Who Are The People In Your Neighborhood?

Tasty meat on the grill outdoors, preparing barbecue pork for burgers, traditional summer food cookout, good food for party outdoor

The seasonal transition from spring to summer in the mountains is a magical time. The deciduous landscape itself morphs from sterile dormancy to a vibrant, colorful and delightful palate of texture and color. The air is scented with the fragrance of blooming flowers, the dampness of the river bottom and the crisp cleanness that drapes our mountain summits. Children can be found playing in the streets, riding bicycles and celebrating the open-ended freedom of long summer days with limited obligations. Yardwork commences and gardens are planted.

As individuals, summer institutes the shedding of the literal and symbolic layers that protect us from the harshness of winter. For most of us it is quite easy to sort away our favorite winter “puffy jacket” and once again don the shorts and T-shirts of summers’ past. What seems to be more difficult for all of us “grown-ups,” however, is to make ourselves as willingly available to our friends and neighbors as we are to receiving the first sunburn of the season.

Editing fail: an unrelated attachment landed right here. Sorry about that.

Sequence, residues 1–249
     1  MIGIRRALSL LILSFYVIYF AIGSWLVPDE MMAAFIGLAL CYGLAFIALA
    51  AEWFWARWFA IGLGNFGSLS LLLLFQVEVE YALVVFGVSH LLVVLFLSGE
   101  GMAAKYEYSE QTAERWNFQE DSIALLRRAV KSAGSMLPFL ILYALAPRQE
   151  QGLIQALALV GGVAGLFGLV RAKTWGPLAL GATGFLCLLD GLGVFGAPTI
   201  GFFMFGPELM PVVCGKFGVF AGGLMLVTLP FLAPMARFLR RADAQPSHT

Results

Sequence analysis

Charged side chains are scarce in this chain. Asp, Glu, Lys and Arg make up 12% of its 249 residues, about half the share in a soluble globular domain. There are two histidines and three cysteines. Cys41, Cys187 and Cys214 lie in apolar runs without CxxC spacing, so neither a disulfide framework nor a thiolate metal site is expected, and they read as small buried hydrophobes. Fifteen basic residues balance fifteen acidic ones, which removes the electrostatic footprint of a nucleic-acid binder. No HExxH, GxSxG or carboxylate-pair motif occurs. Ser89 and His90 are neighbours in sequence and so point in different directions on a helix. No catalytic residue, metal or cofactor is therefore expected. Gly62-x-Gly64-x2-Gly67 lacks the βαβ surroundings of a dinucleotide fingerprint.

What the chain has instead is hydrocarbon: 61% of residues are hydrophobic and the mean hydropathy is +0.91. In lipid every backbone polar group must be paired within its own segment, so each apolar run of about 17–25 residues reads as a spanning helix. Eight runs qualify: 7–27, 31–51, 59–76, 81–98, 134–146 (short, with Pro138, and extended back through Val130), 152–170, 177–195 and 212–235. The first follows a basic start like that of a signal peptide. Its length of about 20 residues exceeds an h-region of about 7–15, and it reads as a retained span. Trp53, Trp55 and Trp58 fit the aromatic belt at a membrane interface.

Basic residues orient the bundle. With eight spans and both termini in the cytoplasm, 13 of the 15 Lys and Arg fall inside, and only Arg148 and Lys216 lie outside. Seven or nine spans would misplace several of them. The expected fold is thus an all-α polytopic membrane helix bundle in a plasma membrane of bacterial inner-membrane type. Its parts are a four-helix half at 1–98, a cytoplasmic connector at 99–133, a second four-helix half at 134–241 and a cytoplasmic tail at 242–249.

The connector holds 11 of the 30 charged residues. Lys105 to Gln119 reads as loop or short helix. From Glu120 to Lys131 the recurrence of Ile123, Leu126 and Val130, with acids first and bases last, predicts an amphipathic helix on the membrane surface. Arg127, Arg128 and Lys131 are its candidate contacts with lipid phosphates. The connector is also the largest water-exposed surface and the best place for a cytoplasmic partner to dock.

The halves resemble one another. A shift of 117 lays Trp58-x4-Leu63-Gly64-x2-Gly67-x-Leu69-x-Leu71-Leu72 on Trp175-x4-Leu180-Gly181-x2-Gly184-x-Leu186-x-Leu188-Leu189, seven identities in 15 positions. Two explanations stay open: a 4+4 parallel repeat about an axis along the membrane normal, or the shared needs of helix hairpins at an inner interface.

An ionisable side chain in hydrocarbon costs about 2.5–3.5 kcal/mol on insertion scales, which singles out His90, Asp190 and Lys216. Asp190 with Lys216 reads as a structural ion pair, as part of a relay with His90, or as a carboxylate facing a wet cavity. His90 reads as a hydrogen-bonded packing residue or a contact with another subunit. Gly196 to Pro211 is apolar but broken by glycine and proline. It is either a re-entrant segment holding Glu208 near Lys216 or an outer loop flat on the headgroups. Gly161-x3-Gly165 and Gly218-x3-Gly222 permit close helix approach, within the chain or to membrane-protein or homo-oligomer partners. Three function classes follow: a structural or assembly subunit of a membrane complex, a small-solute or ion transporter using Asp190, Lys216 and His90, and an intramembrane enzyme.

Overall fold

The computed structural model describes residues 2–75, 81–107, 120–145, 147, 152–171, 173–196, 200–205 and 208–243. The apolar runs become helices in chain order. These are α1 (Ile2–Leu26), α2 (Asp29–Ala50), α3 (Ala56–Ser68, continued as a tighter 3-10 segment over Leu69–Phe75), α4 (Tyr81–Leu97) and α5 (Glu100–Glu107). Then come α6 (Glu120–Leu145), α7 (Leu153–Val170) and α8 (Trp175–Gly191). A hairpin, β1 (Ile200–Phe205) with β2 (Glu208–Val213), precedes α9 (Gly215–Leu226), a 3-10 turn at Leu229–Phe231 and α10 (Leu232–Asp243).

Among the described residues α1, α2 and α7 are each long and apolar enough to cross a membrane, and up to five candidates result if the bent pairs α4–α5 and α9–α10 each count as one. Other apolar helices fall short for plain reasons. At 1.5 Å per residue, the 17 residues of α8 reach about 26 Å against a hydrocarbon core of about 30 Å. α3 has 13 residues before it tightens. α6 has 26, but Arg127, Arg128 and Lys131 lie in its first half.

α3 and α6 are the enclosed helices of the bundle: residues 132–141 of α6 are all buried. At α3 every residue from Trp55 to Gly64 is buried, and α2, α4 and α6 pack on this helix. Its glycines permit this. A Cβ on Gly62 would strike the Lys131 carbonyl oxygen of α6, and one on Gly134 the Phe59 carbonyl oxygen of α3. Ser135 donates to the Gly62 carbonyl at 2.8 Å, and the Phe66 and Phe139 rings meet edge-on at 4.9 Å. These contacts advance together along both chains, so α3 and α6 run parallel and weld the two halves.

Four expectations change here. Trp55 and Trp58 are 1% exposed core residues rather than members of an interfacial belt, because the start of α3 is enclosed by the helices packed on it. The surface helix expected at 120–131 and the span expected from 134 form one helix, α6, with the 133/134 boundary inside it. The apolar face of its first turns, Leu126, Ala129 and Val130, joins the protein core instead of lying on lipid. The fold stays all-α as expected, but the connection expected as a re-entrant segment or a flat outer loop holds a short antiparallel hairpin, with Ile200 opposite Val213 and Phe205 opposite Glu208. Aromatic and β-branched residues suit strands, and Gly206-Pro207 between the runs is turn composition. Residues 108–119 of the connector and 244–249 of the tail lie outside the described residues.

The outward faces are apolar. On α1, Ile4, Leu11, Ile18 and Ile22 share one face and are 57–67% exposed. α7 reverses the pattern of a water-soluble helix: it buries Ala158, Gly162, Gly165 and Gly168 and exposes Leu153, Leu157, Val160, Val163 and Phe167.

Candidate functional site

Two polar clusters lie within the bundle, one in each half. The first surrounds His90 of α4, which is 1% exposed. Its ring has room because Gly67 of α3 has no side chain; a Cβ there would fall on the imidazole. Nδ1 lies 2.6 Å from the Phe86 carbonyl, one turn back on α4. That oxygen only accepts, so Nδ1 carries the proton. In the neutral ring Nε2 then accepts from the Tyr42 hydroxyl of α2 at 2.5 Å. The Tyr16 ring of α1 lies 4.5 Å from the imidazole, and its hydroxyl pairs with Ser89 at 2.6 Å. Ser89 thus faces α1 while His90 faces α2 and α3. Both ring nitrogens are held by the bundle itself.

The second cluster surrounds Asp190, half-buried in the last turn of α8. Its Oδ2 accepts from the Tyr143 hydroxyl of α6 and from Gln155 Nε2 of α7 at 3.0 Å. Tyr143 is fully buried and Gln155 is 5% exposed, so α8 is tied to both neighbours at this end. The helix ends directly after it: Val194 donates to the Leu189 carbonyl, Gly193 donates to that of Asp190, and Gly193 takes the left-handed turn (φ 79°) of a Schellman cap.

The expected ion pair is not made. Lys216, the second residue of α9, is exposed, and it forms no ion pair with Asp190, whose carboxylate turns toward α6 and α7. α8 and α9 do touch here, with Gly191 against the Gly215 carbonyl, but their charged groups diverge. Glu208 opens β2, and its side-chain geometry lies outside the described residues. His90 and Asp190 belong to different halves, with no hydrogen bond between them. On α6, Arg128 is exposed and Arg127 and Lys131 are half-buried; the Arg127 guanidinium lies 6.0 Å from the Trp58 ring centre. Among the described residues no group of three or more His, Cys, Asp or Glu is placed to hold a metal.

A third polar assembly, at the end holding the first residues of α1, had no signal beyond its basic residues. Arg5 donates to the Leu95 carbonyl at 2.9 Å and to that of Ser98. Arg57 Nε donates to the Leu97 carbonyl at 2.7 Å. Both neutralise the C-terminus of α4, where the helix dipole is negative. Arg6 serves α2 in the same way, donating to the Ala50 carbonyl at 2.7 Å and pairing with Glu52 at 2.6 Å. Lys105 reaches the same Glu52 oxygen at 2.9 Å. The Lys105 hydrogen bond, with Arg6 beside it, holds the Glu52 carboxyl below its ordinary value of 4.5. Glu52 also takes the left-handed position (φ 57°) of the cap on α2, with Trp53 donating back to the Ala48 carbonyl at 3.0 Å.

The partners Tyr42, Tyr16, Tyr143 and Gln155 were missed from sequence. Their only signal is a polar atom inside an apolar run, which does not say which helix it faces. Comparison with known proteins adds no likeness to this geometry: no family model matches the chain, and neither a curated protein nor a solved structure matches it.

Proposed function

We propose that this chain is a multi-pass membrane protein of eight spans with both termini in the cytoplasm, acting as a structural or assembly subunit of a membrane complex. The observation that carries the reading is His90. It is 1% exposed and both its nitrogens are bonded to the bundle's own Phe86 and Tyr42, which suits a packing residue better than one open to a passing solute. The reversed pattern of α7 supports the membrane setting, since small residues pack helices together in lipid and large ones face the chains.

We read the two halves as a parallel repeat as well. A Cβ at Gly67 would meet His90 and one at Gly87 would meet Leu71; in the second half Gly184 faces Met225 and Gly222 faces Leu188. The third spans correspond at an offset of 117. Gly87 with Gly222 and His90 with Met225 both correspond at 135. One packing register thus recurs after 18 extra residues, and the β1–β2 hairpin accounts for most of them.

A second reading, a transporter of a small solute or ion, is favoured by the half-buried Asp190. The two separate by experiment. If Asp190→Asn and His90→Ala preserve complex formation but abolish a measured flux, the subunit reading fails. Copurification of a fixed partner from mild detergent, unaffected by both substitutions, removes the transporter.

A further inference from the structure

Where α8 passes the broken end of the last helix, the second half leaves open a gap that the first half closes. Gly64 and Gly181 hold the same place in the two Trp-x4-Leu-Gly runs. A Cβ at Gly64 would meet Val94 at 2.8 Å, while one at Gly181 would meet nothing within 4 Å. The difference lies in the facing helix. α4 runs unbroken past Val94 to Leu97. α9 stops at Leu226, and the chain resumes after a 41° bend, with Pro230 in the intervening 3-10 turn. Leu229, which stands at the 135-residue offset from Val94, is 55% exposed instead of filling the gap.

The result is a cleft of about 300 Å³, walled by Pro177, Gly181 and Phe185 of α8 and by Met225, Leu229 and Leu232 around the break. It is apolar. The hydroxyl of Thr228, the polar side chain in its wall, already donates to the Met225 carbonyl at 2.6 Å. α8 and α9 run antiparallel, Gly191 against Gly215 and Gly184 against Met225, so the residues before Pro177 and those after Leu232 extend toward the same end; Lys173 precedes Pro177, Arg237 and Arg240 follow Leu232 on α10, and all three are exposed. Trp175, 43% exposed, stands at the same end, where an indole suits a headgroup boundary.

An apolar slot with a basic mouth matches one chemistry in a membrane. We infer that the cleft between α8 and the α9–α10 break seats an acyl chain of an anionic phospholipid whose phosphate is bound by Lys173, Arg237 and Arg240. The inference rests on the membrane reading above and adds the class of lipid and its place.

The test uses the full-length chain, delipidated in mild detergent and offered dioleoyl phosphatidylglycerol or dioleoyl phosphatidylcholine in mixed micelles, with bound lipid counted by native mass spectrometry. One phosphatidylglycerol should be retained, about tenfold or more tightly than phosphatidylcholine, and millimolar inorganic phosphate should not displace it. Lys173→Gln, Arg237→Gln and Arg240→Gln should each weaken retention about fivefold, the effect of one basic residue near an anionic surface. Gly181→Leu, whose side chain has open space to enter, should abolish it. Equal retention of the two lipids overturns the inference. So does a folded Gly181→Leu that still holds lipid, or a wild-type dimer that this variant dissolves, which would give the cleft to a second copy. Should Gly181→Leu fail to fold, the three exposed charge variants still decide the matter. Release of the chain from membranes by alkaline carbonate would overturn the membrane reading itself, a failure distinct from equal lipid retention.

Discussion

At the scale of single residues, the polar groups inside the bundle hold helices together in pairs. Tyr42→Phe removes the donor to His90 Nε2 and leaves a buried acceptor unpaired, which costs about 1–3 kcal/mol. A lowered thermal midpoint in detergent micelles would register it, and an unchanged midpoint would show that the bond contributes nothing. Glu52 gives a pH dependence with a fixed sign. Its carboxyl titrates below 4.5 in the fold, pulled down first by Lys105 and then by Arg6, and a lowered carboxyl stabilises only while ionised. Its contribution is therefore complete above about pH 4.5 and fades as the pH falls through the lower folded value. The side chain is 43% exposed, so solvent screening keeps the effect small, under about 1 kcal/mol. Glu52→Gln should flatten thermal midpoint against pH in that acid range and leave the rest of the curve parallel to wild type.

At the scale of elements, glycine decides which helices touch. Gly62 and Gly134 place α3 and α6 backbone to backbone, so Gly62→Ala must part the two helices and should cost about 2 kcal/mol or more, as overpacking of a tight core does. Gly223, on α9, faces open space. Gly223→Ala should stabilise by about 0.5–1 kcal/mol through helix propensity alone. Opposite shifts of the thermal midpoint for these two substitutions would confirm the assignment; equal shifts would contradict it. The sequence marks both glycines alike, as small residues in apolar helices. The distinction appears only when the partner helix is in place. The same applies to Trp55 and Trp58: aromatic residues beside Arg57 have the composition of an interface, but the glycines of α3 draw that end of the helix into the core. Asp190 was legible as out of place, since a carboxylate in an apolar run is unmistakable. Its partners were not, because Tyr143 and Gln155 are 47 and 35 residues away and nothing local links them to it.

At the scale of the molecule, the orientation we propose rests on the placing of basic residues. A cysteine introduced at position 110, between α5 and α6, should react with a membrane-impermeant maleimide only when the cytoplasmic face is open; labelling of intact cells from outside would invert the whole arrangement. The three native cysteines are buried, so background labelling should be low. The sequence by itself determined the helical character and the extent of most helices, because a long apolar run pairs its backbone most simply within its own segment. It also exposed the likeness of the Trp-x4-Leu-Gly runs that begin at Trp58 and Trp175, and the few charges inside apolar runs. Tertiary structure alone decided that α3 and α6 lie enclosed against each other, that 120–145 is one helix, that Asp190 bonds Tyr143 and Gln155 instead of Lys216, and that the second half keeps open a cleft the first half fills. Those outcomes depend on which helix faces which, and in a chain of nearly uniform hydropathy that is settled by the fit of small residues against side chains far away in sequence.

Contrary to mainstream philosophy: it is perfectly acceptable to have a differing opinion with a neighbor and still be able to send the proverbial “hi-diddly-ho neighbor” across the freshly-mowed lawn. An even better standard would be to celebrate our differences and end neighborly divisiveness.

So here is the Heber Valley Life challenge for the summer: be accepting of your neighbors.

Barbeque in your front yard and prepare a little extra just in case. Learn something new about each of the people that share your space. Look past petty stereotypes and discover just who are the people in your neighborhood. I am willing to wager that you have more in common than you might think.